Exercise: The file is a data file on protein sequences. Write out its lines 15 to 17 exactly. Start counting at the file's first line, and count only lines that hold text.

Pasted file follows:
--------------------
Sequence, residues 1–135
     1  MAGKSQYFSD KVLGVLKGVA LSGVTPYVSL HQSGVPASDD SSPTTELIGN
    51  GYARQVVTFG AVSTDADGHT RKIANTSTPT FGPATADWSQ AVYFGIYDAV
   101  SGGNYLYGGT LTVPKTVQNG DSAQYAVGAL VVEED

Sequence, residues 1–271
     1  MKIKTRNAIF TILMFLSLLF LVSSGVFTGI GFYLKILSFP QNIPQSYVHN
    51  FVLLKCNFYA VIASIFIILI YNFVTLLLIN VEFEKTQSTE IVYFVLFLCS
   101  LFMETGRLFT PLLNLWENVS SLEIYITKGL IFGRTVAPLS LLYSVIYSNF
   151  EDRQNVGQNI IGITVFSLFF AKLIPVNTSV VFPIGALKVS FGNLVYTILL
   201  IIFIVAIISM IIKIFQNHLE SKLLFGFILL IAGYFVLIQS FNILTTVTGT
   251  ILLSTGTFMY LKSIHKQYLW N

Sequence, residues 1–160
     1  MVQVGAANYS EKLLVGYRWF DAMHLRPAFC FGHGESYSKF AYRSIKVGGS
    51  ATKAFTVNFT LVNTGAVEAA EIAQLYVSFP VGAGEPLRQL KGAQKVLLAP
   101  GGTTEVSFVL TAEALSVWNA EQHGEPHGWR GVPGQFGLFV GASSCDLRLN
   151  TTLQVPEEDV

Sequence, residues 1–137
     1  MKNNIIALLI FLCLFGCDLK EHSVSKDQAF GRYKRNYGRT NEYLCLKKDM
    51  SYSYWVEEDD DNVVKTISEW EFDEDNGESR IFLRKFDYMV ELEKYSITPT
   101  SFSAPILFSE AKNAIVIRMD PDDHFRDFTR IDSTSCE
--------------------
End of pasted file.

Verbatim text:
   101  GGTTEVSFVL TAEALSVWNA EQHGEPHGWR GVPGQFGLFV GASSCDLRLN
   151  TTLQVPEEDV

Sequence, residues 1–137